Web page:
Here's a creative way to make the best use of your morning commute: listen to The Wall Street Journal. Each morning, you'll get the must-hear stories from the Journal's front page, as well as the most popular columns and briefings from Marketplace, Money & Investing, and more. And, every Friday, you'll get a bonus delivery: features, columns, and reviews from the Weekend Journal.
"Pretty Good, but could be Great"
Businesses hoping to survive over the long term will have to remake themselves into better competitors at least once along the way. These efforts have gone under many banners: total quality management, reengineering, rightsizing, restructuring, cultural change, and turnarounds, to name a few. In almost every case, the goal has been to cope with a new, more challenging market by changing the way business is conducted. In this article, John Kotter outlines the eight largest errors that can doom these efforts.
"Misidentified on Amazon"
Harvard Business Review's managerial wisdom and cutting-edge insights are must-reads in boardrooms and offices around the world. That's why Audible's exclusive audio edition is a must-hear! Each edition offers a great mix of full-length articles selected by Audible in close cooperation with HBR's editorial staff.
"Good summary of HBR wish it was unabridged"
Increasing your energy capacity is the best way to get more work done faster and better. From the October 2007 issue of Harvard Business Review.
"Everyone Should Read This!"
In America, the name Forbes is synonymous with business magazine. Now the hard-hitting journalism that you have come to expect from Forbes is available in audio exclusively at audible.com. This unique offering brings you the best of every issue, from new investment opportunities, to trends in business and management, to smart ways to cut your taxes, protect your estate, and increase your wealth.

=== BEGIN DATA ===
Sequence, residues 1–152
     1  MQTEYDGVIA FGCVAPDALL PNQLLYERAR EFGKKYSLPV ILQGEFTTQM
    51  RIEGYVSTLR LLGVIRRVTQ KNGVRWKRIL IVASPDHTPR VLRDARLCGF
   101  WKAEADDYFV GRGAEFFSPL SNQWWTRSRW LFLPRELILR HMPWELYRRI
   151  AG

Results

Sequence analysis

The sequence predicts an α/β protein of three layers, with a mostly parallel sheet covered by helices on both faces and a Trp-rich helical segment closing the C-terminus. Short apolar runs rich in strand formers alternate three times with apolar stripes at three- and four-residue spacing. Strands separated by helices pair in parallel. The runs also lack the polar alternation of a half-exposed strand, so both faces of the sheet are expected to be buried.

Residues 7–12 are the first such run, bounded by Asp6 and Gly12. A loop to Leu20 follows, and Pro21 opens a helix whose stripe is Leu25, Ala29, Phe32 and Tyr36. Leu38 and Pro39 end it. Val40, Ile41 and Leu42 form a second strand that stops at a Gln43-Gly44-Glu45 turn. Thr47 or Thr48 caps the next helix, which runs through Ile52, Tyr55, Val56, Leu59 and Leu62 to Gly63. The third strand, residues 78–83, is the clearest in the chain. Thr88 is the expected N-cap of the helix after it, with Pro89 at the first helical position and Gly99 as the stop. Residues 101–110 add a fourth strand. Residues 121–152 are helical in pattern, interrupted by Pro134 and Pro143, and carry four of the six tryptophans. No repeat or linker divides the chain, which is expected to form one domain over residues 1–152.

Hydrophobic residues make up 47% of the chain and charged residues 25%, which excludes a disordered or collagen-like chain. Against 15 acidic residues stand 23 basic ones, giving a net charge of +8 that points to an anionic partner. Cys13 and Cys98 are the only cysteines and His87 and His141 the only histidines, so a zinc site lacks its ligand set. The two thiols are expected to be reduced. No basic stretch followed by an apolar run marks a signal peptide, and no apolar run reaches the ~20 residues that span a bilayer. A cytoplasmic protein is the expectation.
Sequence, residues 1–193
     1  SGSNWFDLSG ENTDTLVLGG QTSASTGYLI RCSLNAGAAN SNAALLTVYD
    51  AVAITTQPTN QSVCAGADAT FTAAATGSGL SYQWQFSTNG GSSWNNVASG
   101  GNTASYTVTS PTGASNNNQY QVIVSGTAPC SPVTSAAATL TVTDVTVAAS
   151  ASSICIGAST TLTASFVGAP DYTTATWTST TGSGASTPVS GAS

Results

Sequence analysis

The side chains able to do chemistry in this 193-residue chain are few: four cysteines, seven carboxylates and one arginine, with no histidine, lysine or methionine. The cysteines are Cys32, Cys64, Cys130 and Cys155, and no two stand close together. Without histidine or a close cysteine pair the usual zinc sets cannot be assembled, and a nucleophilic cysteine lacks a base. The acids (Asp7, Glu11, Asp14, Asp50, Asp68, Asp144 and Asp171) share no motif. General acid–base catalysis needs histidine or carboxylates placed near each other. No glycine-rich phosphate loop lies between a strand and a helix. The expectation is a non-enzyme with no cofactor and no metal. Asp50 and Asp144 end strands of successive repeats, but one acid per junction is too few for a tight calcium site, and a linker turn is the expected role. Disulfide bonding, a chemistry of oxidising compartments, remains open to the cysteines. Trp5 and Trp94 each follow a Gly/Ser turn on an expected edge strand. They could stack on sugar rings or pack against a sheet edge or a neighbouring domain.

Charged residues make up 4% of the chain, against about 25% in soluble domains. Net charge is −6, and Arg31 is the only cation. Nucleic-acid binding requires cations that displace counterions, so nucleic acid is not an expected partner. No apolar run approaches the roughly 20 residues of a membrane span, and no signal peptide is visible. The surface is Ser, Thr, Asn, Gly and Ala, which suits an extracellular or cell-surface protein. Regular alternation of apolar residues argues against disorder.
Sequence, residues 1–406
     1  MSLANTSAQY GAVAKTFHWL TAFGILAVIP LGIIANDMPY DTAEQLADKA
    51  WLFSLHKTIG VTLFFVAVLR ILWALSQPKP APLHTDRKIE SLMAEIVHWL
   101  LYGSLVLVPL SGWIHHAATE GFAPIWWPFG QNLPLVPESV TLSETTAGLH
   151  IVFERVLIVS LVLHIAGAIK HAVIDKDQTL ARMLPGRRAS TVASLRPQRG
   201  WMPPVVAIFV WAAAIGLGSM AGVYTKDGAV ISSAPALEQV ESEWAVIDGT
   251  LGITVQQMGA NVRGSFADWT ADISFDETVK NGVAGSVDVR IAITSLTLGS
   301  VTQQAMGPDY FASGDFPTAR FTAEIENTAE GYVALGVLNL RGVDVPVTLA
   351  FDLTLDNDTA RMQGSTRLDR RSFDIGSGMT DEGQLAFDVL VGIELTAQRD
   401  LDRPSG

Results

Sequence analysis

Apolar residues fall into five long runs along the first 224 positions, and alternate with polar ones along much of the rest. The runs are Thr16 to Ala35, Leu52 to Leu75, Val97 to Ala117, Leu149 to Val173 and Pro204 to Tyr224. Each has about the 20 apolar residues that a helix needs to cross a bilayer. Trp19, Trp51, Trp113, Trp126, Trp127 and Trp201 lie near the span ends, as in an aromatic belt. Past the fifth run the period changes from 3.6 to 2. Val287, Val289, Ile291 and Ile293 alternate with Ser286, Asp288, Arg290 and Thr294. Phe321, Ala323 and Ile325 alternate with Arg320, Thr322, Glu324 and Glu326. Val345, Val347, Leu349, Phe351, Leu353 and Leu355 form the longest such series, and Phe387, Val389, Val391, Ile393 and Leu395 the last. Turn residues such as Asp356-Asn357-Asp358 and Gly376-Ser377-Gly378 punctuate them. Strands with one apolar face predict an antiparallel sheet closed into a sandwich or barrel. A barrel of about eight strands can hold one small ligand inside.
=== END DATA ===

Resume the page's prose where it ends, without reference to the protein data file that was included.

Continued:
"A great Audible selection"
The CEO and president of IDEO writes that when designers are involved from the very beginning of the innovation process, startling new ideas can result - as a U.S. health care provider, a Japanese bicycle components manufacturer, and a system of Indian eye hospitals learned.
In this issue: "Why People Quit Their Jobs" by the Editors of Harvard Business Review; "Why Your Company Needs a Foreign Policy" by John Chipman; "How to Make the Other Side Play Fair" by Max H. Bazerman and Daniel Kahneman; and "Putting Products into Services" by Mohanbir Sawhney.
Fast Company is a "workstyle" magazine, a new breed of business journalism that understands a powerful new truth: Work is personal. Fast Company connects with an authentic voice, inspires with a revolutionary style, and instructs with personal tools to serve as a manifesto for change. Get the latest issue or subscribe!
"Variety of Narrators &"
An extensive study of the world's best service companies reveals the principles on which they're built. From the April 2008 issue of Harvard Business Review.
Michael E. Porter, the Bishop Lawrence University Professor at Harvard University, and Thomas H. Lee, chief medical officer at Press Ganey and the former network president of Partners HealthCare, write about why providers must lead the way in making value the overarching goal.